A hands-on, real-world review of bags made for combined hiking and photography in 2015.

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Hiking Bags Reviewed

I am a hobbyist landscape and family portrait photographer who lives in Utah, and I took 5 bags out on the trails to test them the summer of 2015. This wasn’t just a test where I tried each on and took them for a walk around the block. I took these bags on half day hikes in the beautiful and rugged Wasatch Mountains of the Rocky Mountain range here in Utah. I took them on Boy Scout camps. I took them on trips to Southern Utah and Oregon. I put them through the paces in numerous real-world tests and having heavily used them all and will tell you which is the best day trip photography hiking bag in 2015. Read the details of what I liked and disliked about each bag, or skip to the last section of this article if all you care about is which I give the Author’s Choice award. But first, here are the bags I reviewed in alphabetical order (manufacturer):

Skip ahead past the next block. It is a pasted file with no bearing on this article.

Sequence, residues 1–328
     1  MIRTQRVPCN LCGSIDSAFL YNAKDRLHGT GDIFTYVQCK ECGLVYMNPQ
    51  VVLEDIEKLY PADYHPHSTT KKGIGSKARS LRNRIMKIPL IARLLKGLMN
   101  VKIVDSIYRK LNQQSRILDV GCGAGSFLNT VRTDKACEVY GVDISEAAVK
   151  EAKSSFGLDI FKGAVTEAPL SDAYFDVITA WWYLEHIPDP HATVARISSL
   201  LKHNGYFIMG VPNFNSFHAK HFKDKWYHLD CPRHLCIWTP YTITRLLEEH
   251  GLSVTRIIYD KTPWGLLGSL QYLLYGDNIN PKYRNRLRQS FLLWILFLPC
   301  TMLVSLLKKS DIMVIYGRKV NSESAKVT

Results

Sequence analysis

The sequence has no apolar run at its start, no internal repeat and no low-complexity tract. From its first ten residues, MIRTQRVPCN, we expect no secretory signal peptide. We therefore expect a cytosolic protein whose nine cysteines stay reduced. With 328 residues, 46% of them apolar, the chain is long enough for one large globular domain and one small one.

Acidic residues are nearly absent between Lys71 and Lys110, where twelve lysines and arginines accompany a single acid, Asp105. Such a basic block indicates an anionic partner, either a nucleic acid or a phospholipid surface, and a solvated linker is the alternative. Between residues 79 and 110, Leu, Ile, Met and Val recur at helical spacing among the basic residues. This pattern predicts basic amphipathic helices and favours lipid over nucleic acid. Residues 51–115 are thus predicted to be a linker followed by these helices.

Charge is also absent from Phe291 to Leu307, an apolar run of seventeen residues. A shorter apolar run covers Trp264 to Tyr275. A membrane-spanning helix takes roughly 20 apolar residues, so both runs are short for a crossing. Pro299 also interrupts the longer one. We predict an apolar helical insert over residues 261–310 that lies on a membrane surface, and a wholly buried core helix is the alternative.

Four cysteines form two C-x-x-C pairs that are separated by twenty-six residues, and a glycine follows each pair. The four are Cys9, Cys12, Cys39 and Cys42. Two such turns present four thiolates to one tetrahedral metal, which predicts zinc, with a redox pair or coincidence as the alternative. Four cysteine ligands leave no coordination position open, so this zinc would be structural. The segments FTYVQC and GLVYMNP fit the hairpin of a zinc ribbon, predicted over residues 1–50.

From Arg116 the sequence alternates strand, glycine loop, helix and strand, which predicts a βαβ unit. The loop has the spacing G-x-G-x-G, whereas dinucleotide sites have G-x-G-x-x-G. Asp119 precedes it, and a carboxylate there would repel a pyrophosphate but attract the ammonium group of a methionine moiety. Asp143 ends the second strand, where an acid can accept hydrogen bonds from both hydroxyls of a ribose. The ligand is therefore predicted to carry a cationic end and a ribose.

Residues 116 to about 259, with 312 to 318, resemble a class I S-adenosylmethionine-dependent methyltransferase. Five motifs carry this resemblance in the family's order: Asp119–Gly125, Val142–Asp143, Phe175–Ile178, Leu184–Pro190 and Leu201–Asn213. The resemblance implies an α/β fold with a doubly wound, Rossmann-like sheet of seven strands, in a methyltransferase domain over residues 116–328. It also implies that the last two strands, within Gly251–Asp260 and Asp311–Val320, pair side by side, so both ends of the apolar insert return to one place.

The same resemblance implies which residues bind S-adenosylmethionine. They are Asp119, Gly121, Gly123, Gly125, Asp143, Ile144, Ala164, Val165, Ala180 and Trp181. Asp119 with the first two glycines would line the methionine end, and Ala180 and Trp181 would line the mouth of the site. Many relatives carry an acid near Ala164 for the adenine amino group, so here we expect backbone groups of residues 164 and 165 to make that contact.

I have to thank the companies that we’re willing to participate by sending me bags. I asked companies to send me their best day-long hiking bags that would carry one to two camera bodies with multiple lenses. Another important thing to understand is the gear that I took with me as I tested the bags:

  • Canon 7DM2 body
  • Canon 18-55mm f/3.5-5.6
  • Canon 55-250mm f/3.5-5.6
  • Canon 50mm f/1.8
  • Tokina 11-16mm f/2.8